Nina Trige Andersen
Nina Trige Andersen is a historian and freelance journalist. She is a regular contributor to Modern Times Review.

Nicolas Wadimoff’s portrait of his old teacher, the Swiss intellectual and revolutionary Jean Ziegler, attempts to test convictions against realities.

Are the bad guys of today the same as the bad guys of yesterday? And how about the good guys – didn’t they turn out to be bad guys too? These are questions asked in the documentary about the Swiss intellectual, politician, revolutionary, former United Nations Special Rapporteur on Right to Food and currently vice-president of the Advisory Committee to the UN Human Rights Council, Jean Ziegler.

Ziegler himself asks few questions it seems, he is the kind of man who provides answers. Or at least he keeps to himself the doubts he harbours about how the world functions in general, and in particular how revolutions progress, or regress.

The Optimism of Willpower is the title of Nicolas Wadimoff’s portrait of his old teacher. It might also have been titled The Power of Vanity. Ziegler’s and Wadimoff’s. They both seem to be acutely aware of the vanity of the other, but less of their own.

Against the visuals of archival footage from Ziegler’s days at University of Geneva in the 1960s and 1970s and to the sound of dramatic background music we learn that it was as a 20-year old political science student that Wadimoff met Ziegler ”the first time”. It was at one of Ziegler’s tutorials about national liberation movements during times when the university was a battleground against ”imperialism, fascism and capitalism”.

”That was yesterday,” Wadimoff’s speak says, ”but for Jean Ziegler it is still today”, and then the film cuts to present day Cuba, to the back seat of a car where Jean Ziegler is conversing with a woman, of whom we do not learn even the first name until the last scene of the film, and only in the credits is it confirmed that she is, of course, his wife Erica Deuber Ziegler, the art historian and politician.

It might be because Wadimoff assumes everyone will recognize her, but it might also be because the world of the film revolves around two men, Ziegler and Wadimoff, and everyone else becomes the extras: Erica Deuber, Che Guevara, locals in Cuba, children suffering from the hunger-induced noma disease – photographs of whom Jean Ziegler always carry, he confides ”It is for them I am talking, do you understand?” – delegates in the UN, protesters in Munich.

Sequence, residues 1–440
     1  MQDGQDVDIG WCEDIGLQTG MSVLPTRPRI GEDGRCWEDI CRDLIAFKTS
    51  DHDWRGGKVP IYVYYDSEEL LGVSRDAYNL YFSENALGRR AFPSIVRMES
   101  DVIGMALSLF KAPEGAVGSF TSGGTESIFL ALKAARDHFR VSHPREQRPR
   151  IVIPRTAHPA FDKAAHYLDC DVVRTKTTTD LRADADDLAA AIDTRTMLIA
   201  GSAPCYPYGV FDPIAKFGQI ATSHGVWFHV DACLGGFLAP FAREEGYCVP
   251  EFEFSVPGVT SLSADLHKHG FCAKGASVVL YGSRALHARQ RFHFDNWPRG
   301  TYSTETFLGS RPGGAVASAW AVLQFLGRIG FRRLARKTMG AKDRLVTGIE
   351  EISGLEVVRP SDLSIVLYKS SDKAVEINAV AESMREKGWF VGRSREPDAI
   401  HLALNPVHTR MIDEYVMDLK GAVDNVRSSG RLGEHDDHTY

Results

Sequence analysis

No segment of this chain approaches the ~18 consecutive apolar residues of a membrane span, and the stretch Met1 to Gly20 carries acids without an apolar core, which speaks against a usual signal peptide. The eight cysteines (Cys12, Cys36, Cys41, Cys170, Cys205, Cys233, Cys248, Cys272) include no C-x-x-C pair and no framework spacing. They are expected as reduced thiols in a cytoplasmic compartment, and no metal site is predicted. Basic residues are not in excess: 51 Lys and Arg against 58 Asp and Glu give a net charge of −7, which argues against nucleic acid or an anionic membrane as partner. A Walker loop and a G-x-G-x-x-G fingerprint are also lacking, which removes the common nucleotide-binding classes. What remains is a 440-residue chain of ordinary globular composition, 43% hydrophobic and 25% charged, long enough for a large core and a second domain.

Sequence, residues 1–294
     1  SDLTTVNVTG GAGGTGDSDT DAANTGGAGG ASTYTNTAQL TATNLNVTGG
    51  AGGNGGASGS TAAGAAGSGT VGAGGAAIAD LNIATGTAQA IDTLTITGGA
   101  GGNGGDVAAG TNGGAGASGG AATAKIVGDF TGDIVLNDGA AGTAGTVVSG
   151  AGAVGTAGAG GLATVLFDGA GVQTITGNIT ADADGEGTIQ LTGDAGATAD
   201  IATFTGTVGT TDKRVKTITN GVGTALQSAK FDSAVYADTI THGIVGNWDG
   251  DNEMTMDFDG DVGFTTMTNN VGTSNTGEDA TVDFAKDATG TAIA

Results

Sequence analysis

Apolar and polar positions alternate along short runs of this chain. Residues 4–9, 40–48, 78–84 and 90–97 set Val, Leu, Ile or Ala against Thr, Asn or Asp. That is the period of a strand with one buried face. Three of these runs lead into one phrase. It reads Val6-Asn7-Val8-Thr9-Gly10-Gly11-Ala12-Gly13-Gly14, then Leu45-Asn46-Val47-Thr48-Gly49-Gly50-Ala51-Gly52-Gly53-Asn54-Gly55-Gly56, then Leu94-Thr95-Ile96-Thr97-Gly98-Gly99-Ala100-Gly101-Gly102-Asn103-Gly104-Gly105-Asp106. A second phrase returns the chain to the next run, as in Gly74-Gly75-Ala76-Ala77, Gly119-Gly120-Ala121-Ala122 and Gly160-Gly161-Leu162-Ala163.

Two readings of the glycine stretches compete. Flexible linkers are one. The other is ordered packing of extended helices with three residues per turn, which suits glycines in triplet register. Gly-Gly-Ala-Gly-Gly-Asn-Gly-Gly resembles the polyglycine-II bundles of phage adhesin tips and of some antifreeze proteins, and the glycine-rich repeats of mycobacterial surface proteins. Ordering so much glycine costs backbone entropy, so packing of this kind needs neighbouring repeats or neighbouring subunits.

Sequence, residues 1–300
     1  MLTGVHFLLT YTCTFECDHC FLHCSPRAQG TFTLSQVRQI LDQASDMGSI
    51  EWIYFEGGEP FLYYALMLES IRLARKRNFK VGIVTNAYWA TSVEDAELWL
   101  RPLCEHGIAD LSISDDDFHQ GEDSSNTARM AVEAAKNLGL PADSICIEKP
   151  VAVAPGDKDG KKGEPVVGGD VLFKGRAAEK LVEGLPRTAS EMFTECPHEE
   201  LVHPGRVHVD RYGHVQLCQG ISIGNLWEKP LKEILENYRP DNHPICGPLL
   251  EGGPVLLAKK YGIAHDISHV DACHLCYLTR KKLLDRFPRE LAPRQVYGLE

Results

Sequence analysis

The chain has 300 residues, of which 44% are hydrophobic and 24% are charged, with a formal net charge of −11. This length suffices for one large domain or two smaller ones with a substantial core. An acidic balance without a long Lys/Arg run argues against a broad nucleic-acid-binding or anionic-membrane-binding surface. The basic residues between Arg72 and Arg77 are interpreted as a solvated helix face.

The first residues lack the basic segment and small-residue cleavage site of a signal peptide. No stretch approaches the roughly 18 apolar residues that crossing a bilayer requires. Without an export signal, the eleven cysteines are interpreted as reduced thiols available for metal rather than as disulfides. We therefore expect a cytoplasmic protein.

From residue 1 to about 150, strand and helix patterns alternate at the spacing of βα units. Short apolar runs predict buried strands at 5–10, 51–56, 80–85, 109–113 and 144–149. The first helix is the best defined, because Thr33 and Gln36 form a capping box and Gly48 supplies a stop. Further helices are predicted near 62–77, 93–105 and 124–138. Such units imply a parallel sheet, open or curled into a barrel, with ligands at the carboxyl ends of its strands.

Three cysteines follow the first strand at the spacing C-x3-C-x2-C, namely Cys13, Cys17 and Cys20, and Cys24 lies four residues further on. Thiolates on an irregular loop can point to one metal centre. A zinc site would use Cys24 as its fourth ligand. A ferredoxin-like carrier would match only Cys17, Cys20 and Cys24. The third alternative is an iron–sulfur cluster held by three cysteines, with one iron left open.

While preparing to speak to the crowd of the latter during the G7 Counter Summit 2015 in Munich, Jean Ziegler utters a very telling sentence:

”Under what conditions can ideas shaped by one man become a material force, a social force? It is only if the social movements take the idea, and transform it into a movement, into a historical force. It is the secret dream of each of us, and maybe that is what will happen tonight.”

The layers of vanity in these words are astonishing, and so is the imaginary about ”one man” (an island perhaps?), ”the social movements” (in the workerist version more often conceptualized as ”the masses”), and ”historical force” (historical materialism in its most crude and vulgar form). Indeed the thinking revealed here is not ideas shaped by one man but rather by a lot of men, and it is a thinking that permeates European left tradition.

Wadimoff’s camera catches Ziegler in the moments before he will attempt to ignite the (self)cheering crowd of protesters. Ziegler, neatly dressed in a suit – no tie of course – combs his hair while looking avidly towards the stage.

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